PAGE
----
By Yusef Taylor, @FlexDan_YT
Women’s Foundation Trust (WFT) is a Gambian Organisation founded by Etta Haffener Allen, a Gambian based in the United Kingdom. The organisation has been working in the Gambia since 2016 to promote better sexual health, personal hygiene and advocate against rape and sexual abuse in schools in The Gambia.
This article focuses on an event organised by the WFT’s Young Leaders who made presentations on what they learned about better Sexual Health. The presentations were in the form of acting, drama, poetry, miming and spoken word and focused on Female Genital Mutilation, prevention and protection Sexually Transmitted Diseases (STDs), HIV/ Aids, personal hygiene and Sexual Abuse. Other speakers at the event included Mr. Ernesto Allen a teacher in the UK and Gainako’s Flex Dan.
Below are two of their performances. The performance in the video below is on peer pressure towards sex and the A, B, Cs of prevention and protection of STDs.
The performance in the video below is on Female Genital Mutilation and encouraging the community to drop the knife.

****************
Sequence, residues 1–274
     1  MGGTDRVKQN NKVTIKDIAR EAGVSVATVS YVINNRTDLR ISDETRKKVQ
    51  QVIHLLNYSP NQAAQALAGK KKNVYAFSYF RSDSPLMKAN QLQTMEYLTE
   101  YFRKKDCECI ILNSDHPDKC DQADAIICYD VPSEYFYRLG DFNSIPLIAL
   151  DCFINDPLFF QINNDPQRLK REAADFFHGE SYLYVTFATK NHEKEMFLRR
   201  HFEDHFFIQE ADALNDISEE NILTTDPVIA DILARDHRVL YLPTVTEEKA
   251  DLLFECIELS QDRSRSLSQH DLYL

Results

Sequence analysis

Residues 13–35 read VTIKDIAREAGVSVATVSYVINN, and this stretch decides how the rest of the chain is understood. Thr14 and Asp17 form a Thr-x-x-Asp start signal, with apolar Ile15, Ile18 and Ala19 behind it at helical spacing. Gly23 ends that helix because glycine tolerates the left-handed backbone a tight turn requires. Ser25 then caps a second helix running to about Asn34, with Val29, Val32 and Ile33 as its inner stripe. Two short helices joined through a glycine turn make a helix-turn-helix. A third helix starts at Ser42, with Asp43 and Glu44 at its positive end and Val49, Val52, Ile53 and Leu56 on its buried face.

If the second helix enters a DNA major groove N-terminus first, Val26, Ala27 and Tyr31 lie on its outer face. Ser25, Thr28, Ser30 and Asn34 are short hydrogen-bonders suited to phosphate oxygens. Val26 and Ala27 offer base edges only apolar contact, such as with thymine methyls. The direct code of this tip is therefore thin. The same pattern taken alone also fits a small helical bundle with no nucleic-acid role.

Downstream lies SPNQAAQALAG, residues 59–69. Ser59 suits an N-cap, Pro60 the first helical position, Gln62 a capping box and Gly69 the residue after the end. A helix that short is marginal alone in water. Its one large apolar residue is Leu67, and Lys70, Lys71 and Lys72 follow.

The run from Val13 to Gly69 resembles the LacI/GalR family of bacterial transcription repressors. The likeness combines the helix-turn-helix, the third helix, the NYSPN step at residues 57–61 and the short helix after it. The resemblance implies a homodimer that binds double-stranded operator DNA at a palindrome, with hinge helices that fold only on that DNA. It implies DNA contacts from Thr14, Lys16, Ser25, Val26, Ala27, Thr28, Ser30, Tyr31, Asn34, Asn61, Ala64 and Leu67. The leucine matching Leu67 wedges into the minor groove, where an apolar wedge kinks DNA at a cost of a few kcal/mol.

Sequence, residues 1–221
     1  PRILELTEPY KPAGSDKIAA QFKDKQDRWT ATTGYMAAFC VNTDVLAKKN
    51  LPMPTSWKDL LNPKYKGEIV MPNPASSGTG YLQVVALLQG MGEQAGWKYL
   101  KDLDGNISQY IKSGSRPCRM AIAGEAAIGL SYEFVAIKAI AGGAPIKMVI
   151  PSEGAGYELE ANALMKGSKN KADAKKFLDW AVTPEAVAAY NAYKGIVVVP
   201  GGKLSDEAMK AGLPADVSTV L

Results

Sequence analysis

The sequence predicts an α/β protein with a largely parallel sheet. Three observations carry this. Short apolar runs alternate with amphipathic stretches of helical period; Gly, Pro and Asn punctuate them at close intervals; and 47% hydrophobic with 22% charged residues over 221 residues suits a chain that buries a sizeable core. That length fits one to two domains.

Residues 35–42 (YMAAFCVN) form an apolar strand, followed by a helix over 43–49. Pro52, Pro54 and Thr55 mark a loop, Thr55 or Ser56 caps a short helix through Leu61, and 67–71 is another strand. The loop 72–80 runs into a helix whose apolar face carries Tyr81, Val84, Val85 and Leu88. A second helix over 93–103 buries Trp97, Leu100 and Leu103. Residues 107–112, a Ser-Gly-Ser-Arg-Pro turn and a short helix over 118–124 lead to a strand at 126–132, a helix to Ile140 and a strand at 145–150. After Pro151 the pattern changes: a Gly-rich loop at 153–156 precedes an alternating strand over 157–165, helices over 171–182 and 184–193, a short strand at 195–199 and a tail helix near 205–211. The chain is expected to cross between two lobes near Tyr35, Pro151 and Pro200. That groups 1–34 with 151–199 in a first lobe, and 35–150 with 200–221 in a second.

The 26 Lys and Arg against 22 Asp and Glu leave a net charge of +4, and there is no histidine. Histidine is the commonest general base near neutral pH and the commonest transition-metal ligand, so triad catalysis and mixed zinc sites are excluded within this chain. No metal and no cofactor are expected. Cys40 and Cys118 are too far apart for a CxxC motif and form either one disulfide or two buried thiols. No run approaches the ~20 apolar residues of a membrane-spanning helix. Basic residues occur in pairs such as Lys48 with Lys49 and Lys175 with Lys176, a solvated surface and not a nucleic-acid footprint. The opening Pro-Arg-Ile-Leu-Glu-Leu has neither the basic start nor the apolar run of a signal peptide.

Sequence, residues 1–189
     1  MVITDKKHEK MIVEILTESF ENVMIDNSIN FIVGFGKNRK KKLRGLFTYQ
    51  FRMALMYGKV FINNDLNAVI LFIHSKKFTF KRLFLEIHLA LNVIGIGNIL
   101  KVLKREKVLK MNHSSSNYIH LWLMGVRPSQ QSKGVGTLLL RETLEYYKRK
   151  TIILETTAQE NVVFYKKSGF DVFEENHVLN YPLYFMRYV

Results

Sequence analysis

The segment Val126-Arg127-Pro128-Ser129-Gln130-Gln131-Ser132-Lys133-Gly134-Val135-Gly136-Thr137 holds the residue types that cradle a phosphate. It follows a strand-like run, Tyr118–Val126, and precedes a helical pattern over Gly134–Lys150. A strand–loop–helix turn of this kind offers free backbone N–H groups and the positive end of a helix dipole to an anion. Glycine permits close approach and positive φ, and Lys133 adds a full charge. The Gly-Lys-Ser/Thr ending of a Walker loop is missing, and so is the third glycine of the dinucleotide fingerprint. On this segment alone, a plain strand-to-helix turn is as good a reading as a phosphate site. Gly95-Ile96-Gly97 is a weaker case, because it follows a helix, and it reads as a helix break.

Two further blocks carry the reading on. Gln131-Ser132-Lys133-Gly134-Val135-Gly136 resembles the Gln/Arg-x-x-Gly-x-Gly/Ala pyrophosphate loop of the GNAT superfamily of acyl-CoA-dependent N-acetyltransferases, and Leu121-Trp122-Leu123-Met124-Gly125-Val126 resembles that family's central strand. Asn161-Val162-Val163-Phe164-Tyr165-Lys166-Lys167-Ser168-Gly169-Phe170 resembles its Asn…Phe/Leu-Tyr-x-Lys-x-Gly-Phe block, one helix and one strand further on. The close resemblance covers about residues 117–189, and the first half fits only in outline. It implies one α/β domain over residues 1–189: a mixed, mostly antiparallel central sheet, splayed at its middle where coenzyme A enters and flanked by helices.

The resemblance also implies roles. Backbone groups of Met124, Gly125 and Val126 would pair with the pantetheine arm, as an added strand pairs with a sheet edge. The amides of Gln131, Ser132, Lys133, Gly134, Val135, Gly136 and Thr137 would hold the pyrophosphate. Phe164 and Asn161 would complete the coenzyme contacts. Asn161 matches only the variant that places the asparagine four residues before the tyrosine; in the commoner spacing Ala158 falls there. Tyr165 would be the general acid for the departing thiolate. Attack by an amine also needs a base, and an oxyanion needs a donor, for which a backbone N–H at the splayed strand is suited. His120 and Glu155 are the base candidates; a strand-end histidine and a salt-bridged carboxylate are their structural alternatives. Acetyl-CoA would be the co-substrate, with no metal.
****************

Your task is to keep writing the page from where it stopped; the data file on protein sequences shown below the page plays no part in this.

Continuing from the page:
WFT’s Young Leaders Speak
Below is an exclusive interview with two WFT Young Leaders, namely Yusupha Jatta (VP of WFT Young Leaders) and Fatima Gomez (WFT Young Leaders member).
WFT Founder and Organiser
Below is an exclusive interview with WFT’s Founder on the organisation, their trip to The Gambia, the school tour and the future of the organisation.
Below is an exclusive interview with WFT’s Young Leaders organiser and teacher at St. Theresa’s, Mr. Johnson.
African Parents and Sexual Education
As I watched the performances and discussed with a lady from the UK who had repatriated to The Gambia we spoke about the importance of sexual education from parents at home. The lady explained that she had sufficient sexual education from her parents while I had very little sexual education from my parents. We both concluded that due to the culture and taboo around sex in African families most African parents don’t engage their children on the dangers of unprotected sex.
As a minimum, African parents should speak to their children about the A, B, Cs of sexual prevention and protection against STDs. The best option is to Abstain, Be Faithful and in the last resort use a Condom. At the start, both child and parent may feel awkward discussing the topic but over time it will become normal and parents can better save their child from contracting STDs due to lack of sexual education.
It’s not clear why African parents refuse to engage their children on sexual education. However, it’s well known that children are naturally curious and African parents may be concerned that such topics may encourage them to practice early sex. Our message to parents is that the world is changing and the risk of contracting STDs are increasing therefore, it’s more important to save your child’s life with timely information.